Published on March 16th, 2021 | by Dr. Cemal Dikmen
As billions of IoT devices are provisioned, their multitude of roles are mirrored by their complex impact on lawful intelligence. Endpoints that range from consumer electronic devices to sensors on industrial systems, each contribute to an ever-increasing current of diverse data. And while an IoT sensor on an oil pipeline is theoretically just a data-communication endpoint in the same way as a cell phone, there are significant differences. IoT has the potential to dramatically enrich lawful intelligence used to investigate and prosecute criminal activity, but it also adds significant complexity.
Communication service providers (CSPs) must contend with huge numbers of IoT endpoints—arranged in complex topologies of data transmission and control—from which data could potentially be required for interception and hand-over to law enforcement agencies (LEAs). At the same time, LEAs face significant complexity in analyzing the data, both because of the large volumes involved and the difficulty of interpreting unstandardized, context-poor machine-to-machine communications.
CSPs Cast a Huge Net as IoT Devices Proliferate
Vast numbers of devices, massive data sizes, and diversity of endpoints are defining characteristics of IoT. Compared to conventional networks, the scope of messages that could potentially be subject to lawful intercept requirements may be larger by multiple orders of magnitude. Some of these data streams may closely resemble those already familiar to service providers in the context of lawful intercept, such as voice from smart speakers, location data from wearables, and video from surveillance cameras.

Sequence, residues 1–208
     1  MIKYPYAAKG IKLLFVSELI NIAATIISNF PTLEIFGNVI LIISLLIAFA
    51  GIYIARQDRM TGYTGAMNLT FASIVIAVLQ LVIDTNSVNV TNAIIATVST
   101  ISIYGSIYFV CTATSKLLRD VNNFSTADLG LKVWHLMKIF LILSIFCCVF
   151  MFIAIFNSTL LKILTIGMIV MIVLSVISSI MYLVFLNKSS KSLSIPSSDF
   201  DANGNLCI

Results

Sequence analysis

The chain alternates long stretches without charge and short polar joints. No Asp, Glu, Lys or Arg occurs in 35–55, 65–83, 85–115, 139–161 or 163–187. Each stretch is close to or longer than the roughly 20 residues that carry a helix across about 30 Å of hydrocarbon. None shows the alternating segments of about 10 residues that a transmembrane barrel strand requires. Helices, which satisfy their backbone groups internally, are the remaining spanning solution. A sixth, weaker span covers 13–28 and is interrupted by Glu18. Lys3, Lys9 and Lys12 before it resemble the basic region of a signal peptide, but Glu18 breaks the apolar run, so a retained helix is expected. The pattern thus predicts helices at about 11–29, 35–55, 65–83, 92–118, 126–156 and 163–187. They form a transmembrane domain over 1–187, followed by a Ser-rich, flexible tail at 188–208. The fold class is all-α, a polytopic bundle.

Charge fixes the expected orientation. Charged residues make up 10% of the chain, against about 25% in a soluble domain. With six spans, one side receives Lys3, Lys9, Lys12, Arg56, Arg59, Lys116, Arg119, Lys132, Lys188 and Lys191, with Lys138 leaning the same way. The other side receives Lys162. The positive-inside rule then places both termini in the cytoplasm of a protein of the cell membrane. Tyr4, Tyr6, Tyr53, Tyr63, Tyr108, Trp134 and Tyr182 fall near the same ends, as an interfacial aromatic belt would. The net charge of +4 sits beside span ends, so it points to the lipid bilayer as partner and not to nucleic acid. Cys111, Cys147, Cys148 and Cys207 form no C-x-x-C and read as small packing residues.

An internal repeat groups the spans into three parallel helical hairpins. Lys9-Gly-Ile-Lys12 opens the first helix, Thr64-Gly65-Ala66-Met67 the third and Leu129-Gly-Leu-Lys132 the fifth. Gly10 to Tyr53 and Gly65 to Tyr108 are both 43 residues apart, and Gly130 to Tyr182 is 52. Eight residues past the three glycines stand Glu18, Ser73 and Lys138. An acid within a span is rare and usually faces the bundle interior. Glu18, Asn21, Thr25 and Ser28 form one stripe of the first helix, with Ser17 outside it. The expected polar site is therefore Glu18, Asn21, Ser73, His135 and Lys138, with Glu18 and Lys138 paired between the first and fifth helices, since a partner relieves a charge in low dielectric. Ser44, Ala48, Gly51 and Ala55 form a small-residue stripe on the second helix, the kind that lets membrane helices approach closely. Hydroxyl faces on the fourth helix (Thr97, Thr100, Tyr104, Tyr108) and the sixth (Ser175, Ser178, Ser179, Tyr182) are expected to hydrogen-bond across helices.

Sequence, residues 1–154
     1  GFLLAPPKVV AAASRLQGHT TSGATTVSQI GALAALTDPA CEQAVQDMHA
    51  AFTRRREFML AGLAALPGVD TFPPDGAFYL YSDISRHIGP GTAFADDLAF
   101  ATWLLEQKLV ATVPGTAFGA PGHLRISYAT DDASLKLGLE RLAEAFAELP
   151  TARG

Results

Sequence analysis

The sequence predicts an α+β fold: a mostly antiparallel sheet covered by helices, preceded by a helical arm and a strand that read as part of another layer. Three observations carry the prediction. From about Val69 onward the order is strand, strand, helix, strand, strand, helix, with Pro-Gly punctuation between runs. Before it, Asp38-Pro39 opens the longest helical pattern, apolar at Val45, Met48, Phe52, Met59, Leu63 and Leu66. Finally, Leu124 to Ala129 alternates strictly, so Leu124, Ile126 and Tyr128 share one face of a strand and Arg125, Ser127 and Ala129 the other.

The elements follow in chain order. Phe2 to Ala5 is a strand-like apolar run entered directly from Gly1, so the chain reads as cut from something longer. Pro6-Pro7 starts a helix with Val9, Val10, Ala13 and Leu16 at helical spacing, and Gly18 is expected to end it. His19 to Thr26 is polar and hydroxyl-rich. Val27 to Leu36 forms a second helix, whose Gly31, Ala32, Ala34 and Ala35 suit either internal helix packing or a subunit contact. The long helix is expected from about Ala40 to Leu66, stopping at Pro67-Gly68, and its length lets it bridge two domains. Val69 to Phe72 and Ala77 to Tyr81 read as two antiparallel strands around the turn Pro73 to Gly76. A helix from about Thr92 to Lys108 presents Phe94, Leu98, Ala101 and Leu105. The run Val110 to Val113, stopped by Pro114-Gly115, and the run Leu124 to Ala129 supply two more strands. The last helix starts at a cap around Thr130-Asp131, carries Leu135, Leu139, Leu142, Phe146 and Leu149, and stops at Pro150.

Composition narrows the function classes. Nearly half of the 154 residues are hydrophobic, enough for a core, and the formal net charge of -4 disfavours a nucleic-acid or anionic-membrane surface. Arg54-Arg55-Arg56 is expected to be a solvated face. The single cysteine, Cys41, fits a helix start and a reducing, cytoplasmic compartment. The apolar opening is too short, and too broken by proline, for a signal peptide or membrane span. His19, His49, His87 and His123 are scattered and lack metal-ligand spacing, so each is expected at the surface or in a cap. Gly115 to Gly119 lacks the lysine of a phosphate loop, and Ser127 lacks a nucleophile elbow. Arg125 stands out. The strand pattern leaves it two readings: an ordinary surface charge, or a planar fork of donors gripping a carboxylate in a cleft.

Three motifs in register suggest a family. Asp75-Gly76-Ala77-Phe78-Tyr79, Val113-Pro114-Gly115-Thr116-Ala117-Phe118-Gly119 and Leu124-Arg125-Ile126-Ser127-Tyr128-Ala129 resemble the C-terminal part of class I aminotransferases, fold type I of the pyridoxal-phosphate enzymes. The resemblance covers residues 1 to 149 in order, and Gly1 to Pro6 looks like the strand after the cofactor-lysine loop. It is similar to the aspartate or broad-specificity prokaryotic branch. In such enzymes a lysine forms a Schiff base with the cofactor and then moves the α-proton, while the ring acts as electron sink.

For the most part, however, the lingua franca of IoT is machine-to-machine communication, with a complexion that is dramatically different from human-oriented forms. Consisting largely of control messages, individual machine-to-machine transmissions tend to be quite small but plentiful, with the vast majority being of little importance, in an investigative sense.
IoT dramatically increases the diversity and the sheer number of devices involved. For example, where a conventional, human-oriented investigation may require interception from dozens of subjects, forensic investigation of a terrorist organization could easily involve thousands of IoT sources. Identifying specific individual devices of interest can be a significant challenge, given the lack of device-specific context in many machine-to-machine messages, which makes tracking and coordinating interception a significant computational challenge.
In addition, it isn’t yet clear which IoT devices will be subject to emerging requirements for lawful interception. The legal frameworks to identify IoT lawful-intercept mandates will still be some years in development. As intelligence and communication abilities are built into more everyday objects, and the potential for them to be used in cyber-attacks and nefarious activities, definitions of what constitutes a potential lawful intercept target become more ambiguous. CSPs must therefore increasingly rely on the expertise and capability of trusted providers who focus on meeting these evolving requirements as a core competency.
LEAs Face New Challenges of Volume and Interpretation
The challenges raised by massive numbers of IoT endpoints can prove difficult for LEAs to drive intelligence. Especially from the hard-to-understand scraps of information in machine-to-machine transmissions. These communications lack format standardization, making it harder both to parse them individually and to understand them as a coherent whole.